The Manitoba government’s deficit is running slightly lower than expected this fiscal year, largely due to reduced construction costs on hospitals, schools and other projects.
Figures released by the Finance Department on Friday show the province is predicting a $350-million deficit for 2019-2020, down $10 million from the original forecast in last spring’s budget.
Finance Minister Scott Fielding said a big factor was construction savings. The new Women’s Hospital in Winnipeg, for example, came in under budget.
“Sometimes when you go out, you’re able to have cost savings, you have an estimate so … it’s money we’re able to invest, obviously, in other areas,” he said.
Some other projects were either finished early or were deferred, Fielding added, meaning less money spent during the current fiscal year.
As for overall department spending, the government said health care is running about $30 million over budget, while most other departments are generally on target or under.
The financial update was much less detailed than in previous years. There was no breakdown for many revenue streams or of individual department spending. Fielding said the September election and October cabinet shuffle made collecting all the required data a challenge.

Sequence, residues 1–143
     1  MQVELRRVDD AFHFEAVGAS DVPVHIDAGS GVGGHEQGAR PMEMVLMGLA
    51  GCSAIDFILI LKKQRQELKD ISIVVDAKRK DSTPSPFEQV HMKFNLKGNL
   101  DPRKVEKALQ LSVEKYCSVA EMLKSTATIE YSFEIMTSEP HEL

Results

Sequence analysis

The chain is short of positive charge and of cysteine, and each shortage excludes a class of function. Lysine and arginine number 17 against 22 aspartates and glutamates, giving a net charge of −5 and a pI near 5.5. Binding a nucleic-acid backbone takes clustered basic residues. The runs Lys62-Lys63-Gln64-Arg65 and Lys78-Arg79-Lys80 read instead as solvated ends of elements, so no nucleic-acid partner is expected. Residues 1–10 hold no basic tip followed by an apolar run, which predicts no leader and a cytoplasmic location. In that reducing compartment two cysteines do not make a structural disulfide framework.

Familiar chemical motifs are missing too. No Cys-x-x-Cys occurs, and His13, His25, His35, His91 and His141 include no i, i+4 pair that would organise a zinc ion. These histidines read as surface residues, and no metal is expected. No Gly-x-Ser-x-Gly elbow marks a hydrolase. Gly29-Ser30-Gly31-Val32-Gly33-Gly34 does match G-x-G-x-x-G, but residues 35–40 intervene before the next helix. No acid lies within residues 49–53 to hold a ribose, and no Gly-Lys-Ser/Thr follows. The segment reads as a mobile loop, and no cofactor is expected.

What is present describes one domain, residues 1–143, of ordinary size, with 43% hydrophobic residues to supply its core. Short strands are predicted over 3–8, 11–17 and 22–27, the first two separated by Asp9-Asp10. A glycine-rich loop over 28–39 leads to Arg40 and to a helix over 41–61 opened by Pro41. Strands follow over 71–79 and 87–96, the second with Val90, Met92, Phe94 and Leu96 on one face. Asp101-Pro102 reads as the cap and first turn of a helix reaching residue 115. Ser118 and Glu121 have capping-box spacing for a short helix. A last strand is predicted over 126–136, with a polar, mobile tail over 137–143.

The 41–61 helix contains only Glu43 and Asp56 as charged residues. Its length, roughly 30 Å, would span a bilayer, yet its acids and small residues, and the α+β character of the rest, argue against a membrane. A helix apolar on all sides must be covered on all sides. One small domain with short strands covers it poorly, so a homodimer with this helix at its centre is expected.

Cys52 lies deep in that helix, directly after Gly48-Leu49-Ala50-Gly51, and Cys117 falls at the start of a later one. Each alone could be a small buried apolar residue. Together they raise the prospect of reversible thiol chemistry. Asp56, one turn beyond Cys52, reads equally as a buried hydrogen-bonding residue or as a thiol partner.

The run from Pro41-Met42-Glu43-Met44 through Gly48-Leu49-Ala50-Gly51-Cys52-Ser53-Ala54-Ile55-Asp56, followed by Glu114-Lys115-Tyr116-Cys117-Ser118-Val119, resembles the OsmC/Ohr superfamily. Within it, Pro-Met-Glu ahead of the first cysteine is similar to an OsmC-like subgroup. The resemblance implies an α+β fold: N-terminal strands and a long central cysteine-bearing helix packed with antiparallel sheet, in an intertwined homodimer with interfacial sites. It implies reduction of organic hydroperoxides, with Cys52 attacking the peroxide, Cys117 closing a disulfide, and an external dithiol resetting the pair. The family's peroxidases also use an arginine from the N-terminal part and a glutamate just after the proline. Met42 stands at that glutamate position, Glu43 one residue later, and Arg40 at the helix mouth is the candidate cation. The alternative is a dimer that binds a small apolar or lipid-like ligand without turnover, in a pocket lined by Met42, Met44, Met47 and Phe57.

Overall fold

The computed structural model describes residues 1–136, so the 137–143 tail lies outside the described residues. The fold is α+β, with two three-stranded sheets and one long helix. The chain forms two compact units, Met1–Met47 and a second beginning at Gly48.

The new figures show the Progressive Conservative government is on track to balance the budget in the 2022-23 fiscal year as promised in the election, Fielding said. Manitoba has run deficits since 2009, despite tax increases by the former NDP government that included a rise in the provincial sales tax.
Fielding also outlined new scorecards that will be used to measure whether the province is meeting its targets on everything from student literacy rates to recidivism by criminals after they are released from custody.
The scorecards are on a public website and use traffic-signal colours – green, yellow or red – to show whether the government is achieving, close to, or far from its goals.
The Manitoba Government and General Employees’ Union said its members welcome ways to improve public services, but noted the effort comes after some 2,000 positions have been cut in the public sector since the Tories were first elected in 2016.
“This means there are fewer staff delivering services when the demand for public services has never been higher,” union president Michelle Gawronsky said in a written statement.